Word of Wisdom #10: Room Arrangement and Student Behavior

No such thing as a “neutral” room arrangement – any room arrangement either supports or detracts from student learning.


The physical room arrangement sets the stage for learning – or not.  No teacher deliberately “sets the stage” for students to misbehave.  Yet I’ve seen more than one classroom where room arrangement encouraged behavior problems.  It has to do with human behavior, and it applies to students of all ages – K through teachers in a staff development setting.

Furniture arrangements send signals of what is expected – and also of what might be gotten away with.


Grocery shop with me for a few minutes.  Given a choice of shopping at a store with narrow aisles and one with spacious aisles, which would you choose?  How about one with shelf contents logically arranged and easy to access versus one where shelf contents are arranged haphazardly, with some needed items difficult both to find and to reach?  No contest in either scenario.

Both scenarios illustrate principles of classroom arrangement repeatedly proven to influence student behavior:  DENSITY and ACCESS.

The STUDENT DENSITY has nothing to do with how quickly students catch on.   Rather, it translates to student personal space.  We all love personal space.  True, what we define as “enough” personal space may vary.  But whatever our personal space boundary is, we want it.  And when we don’t get it, crowding affects our comfort level, attitudes, and behavior.

True Story – Mine, All Mine!

I once coveted a student table in the classroom of a colleague.   There, a small group of students otherwise seated in individual chair-desks could gather periodically for a variety of educational activities.  When my colleague retired, her car wheels were not out of the parking lot on that last day before I was dragging that table and its six chairs down the hall and into my room.

At last! My very own student table! I enthusiastically set about working it into the existing space – that also house 32 student desks, a teacher desk, a file cabinet, and a cart with a projector. You guessed it:  That room arrangement was really crowded. BUT – I had my table.

About three weeks into the year, I recognized that student behavior was becoming more of a challenge than in years past.  To add that table, I had moved student desks closer together.  Decreased aisle space resulted in increased student crowding – and student bickering.  Moving to their seats, students now sometimes bumped into one another – and the boys bristled and the girls glared.   NOT a good way to begin class.  Students.   By six weeks I finally admitted that my dearly desired student table was causing more problems than it was worth.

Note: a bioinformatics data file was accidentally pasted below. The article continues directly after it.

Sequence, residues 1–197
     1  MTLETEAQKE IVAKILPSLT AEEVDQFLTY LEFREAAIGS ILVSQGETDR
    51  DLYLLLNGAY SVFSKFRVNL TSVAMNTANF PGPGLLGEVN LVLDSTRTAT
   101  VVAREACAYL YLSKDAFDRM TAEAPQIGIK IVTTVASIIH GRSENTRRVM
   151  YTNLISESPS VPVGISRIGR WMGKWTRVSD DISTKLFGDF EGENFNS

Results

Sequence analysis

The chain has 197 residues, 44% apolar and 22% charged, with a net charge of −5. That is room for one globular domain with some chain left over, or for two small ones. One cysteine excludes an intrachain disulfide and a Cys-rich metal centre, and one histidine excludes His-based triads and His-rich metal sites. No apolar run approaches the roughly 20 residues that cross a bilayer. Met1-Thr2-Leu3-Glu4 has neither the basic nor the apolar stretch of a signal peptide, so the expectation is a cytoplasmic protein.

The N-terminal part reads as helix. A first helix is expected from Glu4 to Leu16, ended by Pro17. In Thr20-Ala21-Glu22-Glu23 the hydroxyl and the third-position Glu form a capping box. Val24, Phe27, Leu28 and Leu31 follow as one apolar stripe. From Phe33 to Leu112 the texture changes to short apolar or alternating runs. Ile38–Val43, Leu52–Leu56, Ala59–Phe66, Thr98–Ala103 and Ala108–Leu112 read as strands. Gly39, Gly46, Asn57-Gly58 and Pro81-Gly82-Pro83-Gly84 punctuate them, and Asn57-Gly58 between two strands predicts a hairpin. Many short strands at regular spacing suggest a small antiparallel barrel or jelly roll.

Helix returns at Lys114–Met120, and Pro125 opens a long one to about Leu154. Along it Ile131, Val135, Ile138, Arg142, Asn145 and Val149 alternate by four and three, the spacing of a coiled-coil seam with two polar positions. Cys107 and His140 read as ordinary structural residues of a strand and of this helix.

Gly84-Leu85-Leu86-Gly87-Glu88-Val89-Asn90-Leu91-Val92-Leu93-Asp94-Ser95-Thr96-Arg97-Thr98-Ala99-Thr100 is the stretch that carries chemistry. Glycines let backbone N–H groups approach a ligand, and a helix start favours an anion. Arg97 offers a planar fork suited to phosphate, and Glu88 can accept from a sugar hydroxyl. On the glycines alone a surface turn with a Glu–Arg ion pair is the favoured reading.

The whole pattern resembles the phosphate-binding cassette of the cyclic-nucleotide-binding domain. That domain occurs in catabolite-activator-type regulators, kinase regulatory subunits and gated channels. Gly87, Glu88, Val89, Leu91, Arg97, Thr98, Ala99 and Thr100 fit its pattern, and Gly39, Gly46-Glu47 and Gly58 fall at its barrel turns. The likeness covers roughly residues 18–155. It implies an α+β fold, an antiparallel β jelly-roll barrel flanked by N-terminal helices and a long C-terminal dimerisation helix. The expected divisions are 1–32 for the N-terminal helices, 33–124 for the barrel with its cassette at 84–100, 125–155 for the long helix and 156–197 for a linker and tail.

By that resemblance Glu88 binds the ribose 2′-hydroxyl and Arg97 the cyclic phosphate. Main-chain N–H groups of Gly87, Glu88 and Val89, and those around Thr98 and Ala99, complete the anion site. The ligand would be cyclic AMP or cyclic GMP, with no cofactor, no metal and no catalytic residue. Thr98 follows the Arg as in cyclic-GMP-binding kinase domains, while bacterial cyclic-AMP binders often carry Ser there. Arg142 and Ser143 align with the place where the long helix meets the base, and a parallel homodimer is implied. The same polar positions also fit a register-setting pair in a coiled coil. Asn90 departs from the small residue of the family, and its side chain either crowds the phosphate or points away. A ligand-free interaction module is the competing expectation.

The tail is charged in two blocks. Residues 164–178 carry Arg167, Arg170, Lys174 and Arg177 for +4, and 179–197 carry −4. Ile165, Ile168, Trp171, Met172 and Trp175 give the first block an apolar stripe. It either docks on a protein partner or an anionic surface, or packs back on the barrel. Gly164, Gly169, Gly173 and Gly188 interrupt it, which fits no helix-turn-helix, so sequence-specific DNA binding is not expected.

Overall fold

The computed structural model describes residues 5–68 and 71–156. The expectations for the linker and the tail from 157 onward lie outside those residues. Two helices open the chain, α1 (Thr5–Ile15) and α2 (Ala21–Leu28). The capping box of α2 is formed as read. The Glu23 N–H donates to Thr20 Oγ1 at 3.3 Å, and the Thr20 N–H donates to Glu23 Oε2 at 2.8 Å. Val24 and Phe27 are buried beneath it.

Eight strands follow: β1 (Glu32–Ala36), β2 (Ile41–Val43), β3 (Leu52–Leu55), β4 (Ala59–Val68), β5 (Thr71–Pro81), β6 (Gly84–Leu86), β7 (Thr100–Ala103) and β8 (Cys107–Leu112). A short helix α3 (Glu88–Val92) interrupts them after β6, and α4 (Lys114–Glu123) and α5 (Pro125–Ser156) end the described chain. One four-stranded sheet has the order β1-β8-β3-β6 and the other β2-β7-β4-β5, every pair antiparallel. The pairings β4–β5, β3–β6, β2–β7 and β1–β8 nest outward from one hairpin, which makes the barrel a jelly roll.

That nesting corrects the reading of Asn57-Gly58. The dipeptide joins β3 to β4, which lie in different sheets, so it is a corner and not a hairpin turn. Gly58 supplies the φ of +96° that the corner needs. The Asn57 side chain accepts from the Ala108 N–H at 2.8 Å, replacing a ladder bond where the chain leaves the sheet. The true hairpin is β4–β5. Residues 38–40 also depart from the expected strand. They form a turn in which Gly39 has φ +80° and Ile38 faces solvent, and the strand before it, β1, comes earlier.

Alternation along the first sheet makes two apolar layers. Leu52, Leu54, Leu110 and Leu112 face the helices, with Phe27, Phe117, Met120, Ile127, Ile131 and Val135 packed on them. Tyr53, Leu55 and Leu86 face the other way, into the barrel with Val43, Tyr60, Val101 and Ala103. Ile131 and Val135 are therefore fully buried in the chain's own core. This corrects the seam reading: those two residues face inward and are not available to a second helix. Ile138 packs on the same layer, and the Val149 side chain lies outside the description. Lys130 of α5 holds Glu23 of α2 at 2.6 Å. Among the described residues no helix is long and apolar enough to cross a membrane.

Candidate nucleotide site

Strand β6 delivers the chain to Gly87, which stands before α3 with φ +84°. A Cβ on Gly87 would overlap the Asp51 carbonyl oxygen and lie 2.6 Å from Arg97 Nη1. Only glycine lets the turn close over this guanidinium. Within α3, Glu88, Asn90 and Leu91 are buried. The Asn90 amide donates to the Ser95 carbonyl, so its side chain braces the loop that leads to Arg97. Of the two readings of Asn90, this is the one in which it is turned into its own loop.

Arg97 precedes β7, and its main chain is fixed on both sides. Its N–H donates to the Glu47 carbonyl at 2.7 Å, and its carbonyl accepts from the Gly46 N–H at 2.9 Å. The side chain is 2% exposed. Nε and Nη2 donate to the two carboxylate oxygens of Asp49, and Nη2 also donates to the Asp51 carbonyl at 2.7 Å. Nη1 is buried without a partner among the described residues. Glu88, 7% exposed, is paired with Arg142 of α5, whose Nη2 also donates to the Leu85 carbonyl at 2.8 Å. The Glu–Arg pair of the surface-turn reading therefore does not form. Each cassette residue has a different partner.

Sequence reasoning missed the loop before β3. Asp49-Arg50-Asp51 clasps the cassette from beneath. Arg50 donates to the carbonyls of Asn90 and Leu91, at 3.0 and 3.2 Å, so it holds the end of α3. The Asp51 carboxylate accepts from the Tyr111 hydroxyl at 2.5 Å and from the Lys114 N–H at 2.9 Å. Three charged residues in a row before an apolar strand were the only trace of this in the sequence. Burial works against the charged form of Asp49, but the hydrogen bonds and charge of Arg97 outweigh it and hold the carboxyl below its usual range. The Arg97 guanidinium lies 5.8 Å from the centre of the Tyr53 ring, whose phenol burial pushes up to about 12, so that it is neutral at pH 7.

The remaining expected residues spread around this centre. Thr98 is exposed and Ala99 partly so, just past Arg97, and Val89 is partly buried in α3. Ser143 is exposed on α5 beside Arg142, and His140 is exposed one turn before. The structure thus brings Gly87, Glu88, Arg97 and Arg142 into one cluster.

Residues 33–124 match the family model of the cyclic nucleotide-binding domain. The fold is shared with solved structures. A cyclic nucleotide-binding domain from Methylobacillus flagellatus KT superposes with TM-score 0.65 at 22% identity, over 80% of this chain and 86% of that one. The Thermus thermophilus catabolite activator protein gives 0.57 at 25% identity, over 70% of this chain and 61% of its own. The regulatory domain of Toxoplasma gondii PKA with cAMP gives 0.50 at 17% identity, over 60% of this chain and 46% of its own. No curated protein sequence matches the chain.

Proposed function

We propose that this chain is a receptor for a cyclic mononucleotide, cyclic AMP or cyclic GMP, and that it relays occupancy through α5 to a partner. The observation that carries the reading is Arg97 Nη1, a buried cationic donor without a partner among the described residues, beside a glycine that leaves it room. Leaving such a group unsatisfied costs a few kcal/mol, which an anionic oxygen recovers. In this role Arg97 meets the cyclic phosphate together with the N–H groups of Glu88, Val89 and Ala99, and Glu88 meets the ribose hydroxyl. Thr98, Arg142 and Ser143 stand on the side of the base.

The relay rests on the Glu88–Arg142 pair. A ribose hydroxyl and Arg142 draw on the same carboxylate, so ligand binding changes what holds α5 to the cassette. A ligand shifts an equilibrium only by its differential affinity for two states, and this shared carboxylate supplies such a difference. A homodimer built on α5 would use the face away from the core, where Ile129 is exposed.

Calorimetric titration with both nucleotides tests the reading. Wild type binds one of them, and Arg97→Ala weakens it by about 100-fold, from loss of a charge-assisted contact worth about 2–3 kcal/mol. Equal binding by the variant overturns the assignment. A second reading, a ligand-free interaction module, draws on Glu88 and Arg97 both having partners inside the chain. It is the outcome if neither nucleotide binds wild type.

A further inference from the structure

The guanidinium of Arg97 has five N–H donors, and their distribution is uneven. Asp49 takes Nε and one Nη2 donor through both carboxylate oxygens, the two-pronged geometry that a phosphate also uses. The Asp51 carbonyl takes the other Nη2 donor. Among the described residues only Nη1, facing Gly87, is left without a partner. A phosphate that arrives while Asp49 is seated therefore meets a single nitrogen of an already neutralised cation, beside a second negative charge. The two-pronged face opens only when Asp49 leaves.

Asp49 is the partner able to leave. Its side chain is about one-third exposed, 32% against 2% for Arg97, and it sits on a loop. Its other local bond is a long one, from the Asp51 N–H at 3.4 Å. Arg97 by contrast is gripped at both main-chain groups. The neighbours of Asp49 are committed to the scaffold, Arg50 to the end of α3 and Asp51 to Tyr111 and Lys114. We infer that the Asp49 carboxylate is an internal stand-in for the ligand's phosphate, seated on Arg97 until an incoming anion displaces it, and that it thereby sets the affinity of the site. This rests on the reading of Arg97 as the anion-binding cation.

Studies show that crowding influences behavior.  Lack of personal space tends to increase aggression in boys and paranoia in girls.  Crowding students is counterproductive to their learning (see Capizzi, 2009).

Adding a dearly-desired group table created more problems than it solved.


QUESTION:  Thinking about density and access, in which classrooms below would you rather be a student?  Why?

Two possible room arrangements within an elementary classroom.  Which one allow students more personal space and greater ease of access?

Two possible room arrangements within a secondary classroom.  Which one allow students more personal space and greater ease of access?

ANSWER:  Room arrangements to the right give students more personal space and access.


Often teachers ask me what is the “best” room arrangement.  The answer is, “It depends.”  It depends on multiple factors, including but not limited to

  • Classroom size
  • Classroom shape
  • Furniture type
  • Location of windows (and what is outside of them)
  • Other possible distractors (e.g., classroom pets)
  • Number of students
  • Age of students (which relates to physical size)
  • Type of activities you want students to do

For a thorough discussion of possible room arrangements addressing these factors, see https://www.displays2go.com/Article/Effective-Classroom-Seating-Arrangements-32. ( I wish this resource had been available when I was in the classroom!)


Three things can help you deal with an overcrowded room arrangement.

  1. Go for the optical illusion that light colors create more space.  A room with cream-colored walls seems larger than a room of the same size with dark blue walls.  Get permission, paint, paint brushes, and painter volunteers.
  2. Go for the optical illusion that orderliness creates more space.  A library bookshelf with books neatly organized in small, matching crates appears to take up less space than one with books haphazardly spilling out of it.  The same is true of a science center with materials stored in neatly labeled and stacked boxes rather than spread out over a table. Obtain sets of storage crates/boxes/bins.  If funds are short, cover similar size boxes with matching contact paper.
  3. Create one-way traffic lanes that guide student traffic flow.  Just like one-way streets can alleviate traffic congestion, designating one-way traffic to and away from areas students frequently access (e.g., turn-in baskets, in-classroom water fountain), can prevent student congestion.  Place one-way masking tape arrows on the floor to direct foot traffic patterns that prevent congestion as students come and go.

Until next week – may you experience success in all your academic endeavors!


Capizzi, A.M. (2096).  Start the year off right: Designing and Evaluating a supportive classroom management plan,

Focus on Exceptional Children.  Love Publishing Co. 2009. HighBeam Research. 7 Nov. 2018 <https://www.highbeam.com>.